Charles Darwin (1809-1882), an English scientist, observed that the structures that produce panic anxiety in humans derive from the same evolutionary roots as the “fight or flight” reaction of a rat. This is why many people think that anxiety, despite all philosophy and psychology, is also a biological phenomenon that does not seem to differ much between animals and humans (Stossel, 2014).
Psychotherapist and novelist Barry E. Wolfe noted in his book “Understanding and Treating Anxiety Disorders” (2005), that: “No one who has been plagued by prolonged anxiety attacks doubts their power to paralyse action, stimulate flight, to annihilate pleasure and to give root to a catastrophic bias… The experience of a chronic or intense anxiety is, above all, a deep and disconcerting confrontation with pain.
Therefore, when we reduce anxiety to the physiological components we lose the true meaning of this symptomatology, since the human being reacts to events such as death, conscience, guilt, despair, daily life, while an animal can not worry about the symptoms presented or interpreted in any way; an animal can not be hypochondriac, for example (Stossel, 2014).
Anxiety is the fear of future suffering. The apprehensive anticipation of an unbearable catastrophe that one as a person can not prevent. More profoundly, it is a sign that habitual defences are failing against certain unbearably painful events for the individual.
In consultation, many patients, before facing the reality that their marriage is failing, that their professional career has not turned out to be what they expected, that they are approaching death or even that they are going to die, they generate symptoms of defensive distraction, transforming psychic tension into panic attacks or generalised anxiety, and even developing phobias in which they project their internal tension (Stossel, 2014).
S.S. is a patient who has numerous phobias. Because of this, imagined exposure technique was used during psychotherapy sessions. Previously, a hierarchy of dreaded situations was established and then a simulated deconditioning was performed in which the patient had to imagine certain images while doing relaxation exercises to reduce the anxiety that these produced to him.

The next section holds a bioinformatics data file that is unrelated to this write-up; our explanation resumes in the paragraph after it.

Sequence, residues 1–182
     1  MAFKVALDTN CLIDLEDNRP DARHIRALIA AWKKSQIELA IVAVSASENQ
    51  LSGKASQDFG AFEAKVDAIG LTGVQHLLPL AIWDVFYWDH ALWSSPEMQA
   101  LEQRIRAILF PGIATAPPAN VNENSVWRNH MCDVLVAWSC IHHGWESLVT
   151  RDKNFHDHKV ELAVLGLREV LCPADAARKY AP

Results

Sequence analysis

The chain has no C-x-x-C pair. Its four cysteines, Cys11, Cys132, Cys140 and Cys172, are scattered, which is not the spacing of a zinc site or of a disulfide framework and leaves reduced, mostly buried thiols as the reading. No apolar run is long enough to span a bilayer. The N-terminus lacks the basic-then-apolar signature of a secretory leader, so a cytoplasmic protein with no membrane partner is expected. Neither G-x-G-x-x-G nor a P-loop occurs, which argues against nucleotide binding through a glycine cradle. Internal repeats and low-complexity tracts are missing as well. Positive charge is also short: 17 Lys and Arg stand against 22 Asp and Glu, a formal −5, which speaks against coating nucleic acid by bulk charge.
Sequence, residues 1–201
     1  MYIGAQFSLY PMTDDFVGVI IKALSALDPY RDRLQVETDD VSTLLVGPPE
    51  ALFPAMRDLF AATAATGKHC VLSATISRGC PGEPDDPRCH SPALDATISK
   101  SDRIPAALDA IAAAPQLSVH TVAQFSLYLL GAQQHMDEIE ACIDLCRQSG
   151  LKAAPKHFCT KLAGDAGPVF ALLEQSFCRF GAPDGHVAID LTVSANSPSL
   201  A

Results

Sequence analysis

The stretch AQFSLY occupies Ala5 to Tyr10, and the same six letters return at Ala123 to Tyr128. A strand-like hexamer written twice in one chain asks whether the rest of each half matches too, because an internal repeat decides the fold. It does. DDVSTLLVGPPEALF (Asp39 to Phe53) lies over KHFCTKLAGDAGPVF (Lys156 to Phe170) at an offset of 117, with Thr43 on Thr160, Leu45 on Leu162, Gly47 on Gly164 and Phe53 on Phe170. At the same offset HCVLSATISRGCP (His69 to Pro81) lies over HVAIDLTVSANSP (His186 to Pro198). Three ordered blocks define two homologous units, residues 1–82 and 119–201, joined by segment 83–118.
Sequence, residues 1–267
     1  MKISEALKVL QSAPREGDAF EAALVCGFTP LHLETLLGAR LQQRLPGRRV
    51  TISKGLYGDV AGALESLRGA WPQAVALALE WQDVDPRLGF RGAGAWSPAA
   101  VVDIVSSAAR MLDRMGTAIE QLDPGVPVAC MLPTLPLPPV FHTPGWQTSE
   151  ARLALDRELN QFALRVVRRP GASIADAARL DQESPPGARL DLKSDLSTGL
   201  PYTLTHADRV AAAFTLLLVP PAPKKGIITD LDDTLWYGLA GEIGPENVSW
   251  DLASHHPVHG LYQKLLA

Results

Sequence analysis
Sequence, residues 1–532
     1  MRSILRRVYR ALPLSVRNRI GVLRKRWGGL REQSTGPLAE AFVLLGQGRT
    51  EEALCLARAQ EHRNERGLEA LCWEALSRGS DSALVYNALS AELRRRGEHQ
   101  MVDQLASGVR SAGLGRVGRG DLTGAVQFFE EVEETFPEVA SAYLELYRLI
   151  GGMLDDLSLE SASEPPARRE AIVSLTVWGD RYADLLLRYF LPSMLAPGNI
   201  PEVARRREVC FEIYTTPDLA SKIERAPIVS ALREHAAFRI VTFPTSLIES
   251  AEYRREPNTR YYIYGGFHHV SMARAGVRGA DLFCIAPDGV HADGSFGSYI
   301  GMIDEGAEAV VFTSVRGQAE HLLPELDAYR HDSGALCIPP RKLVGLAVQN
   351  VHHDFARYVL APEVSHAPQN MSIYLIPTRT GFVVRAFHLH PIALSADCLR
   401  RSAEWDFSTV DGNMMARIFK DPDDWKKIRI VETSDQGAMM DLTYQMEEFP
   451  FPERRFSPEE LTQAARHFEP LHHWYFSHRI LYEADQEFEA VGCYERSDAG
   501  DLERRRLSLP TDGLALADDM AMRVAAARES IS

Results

Although the patient was safe at the clinic and even free to interrupt the exercise at any time, simply imagining the feared situations represented a torment of anxiety. The simplest and unrealistic images (being shaken by the plane’s turbulence and dizziness, for example) generated sweat and hyperventilation in S.S. who occasionally left the office to breathe and settle.
Throughout the sessions, the patient was asked to concentrate and think what exactly generated anxiety. For S.S. it was very difficult to answer the question and he only insisted that when he was in front of the phobic stimulus he could not concentrate because he felt terror so that the only thing he thought of was “to flee from the horror, his conscience, his life and his body”.
After five sessions applying imagined exposure, S.S. realised that when he tried to cope with the phobia, he was distracted by a sense of sadness and his mind was beginning to wander aimlessly. When asked what he felt, the patient replied “I feel some sadness”, and broke into tears. The therapist reassured him by saying, “We’ve found something”.
These explosions of sadness were repeated in the following sessions and S.S. began to feel relatively less anxious, and even happier. The therapist told him that “they had reached the core of the wound”. The patient asked why anxiety was stronger than sadness and “ambushed” him more often. The therapist concluded by reflecting: “As much as a wound may make you cry, it is less unpleasant than the terror you feel when you fly during turbulence”.